The recent decision of the Supreme Court of Canada, however, seems to entail a conclusion that this shared participation in the solemnization of marriage must come to an end. Whether or not the proposed Bill changing the definition of marriage is passed by the House of Commons, the default definition of marriage at the present moment has become “a union of two persons” in almost all provinces. The federal government accepted that definition by refusing to appeal lower court decisions, thus giving the impression that this has all been a nicely orchestrated affair on their part.
Under yesterday’s Supreme Court decision, there remains the theoretical possibility that the traditional definition of marriage could still remain entrenched in law. But should the current state of affairs prevail, I will most certainly remove my autorisation from its wooden frame and mail it back to the government of Quebec.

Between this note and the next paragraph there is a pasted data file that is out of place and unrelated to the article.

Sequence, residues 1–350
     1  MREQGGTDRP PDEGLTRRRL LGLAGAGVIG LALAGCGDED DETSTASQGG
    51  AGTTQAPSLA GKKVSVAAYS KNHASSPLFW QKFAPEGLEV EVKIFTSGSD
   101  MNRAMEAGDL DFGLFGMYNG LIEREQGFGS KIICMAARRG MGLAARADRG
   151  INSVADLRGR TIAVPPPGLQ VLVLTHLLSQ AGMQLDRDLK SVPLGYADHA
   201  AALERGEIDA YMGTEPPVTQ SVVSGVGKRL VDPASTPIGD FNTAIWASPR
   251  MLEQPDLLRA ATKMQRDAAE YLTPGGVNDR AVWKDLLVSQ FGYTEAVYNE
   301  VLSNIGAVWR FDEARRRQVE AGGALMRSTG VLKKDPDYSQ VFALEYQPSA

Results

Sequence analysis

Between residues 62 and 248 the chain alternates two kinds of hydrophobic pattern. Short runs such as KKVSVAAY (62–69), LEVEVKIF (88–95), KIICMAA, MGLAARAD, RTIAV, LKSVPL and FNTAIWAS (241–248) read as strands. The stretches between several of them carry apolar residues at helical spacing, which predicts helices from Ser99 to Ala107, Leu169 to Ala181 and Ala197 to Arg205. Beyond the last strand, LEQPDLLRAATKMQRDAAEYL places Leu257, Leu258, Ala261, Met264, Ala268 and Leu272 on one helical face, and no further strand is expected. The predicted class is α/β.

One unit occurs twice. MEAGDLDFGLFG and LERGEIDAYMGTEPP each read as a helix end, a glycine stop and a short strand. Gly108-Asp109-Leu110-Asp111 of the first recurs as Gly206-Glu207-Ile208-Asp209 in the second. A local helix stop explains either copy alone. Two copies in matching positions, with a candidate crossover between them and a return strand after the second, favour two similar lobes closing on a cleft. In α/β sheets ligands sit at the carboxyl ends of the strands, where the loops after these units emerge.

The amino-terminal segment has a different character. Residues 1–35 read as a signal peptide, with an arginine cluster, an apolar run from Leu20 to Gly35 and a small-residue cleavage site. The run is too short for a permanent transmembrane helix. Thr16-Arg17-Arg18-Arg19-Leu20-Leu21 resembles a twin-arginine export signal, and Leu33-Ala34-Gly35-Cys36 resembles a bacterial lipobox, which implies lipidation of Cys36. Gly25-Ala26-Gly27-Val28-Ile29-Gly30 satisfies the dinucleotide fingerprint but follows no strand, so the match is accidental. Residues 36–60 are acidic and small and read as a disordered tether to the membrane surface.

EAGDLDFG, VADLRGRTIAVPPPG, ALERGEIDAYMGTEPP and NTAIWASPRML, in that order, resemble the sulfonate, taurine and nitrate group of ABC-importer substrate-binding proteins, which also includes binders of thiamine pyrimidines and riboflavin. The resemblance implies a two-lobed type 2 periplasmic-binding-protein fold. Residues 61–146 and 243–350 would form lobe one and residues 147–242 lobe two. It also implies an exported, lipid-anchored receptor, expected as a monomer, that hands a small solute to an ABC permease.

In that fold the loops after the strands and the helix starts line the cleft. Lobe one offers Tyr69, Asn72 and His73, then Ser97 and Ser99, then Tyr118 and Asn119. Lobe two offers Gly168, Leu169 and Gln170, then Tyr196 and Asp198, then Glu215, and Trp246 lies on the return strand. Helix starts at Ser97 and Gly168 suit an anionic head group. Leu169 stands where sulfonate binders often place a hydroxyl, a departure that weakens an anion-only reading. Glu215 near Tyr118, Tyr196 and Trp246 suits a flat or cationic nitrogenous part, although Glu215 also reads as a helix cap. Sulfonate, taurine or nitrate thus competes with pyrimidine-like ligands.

Why? Because under the new definition, the tenets of my faith simply will not allow me continued participation in this shared responsibility with the federal and provincial governments. I suspect that I am not the only Christian minister who has faced such a realization and who will take such action. Furthermore, should the proposed definition prevail, I expect and hope that many Christian denominations will respond with official statements instructing clergy that they may no longer perform marriages in conjunction with the state.
Why should a Christian minister feel that he or she can no longer officiate in a wedding ceremony? Hasn’t the proposed federal legislation carved out a specific protection for religious officials, who can continue functioning according to traditional convictions? Indeed, it has. In the spirit of paternalism, the Justice Minister has made an allowance for Christian churches to continue functioning according to a definition of marriage he deems discriminatory. We might ask how long such an allowance will last in the militantly secular state that Canada is becoming, but we don’t have space to answer that question here.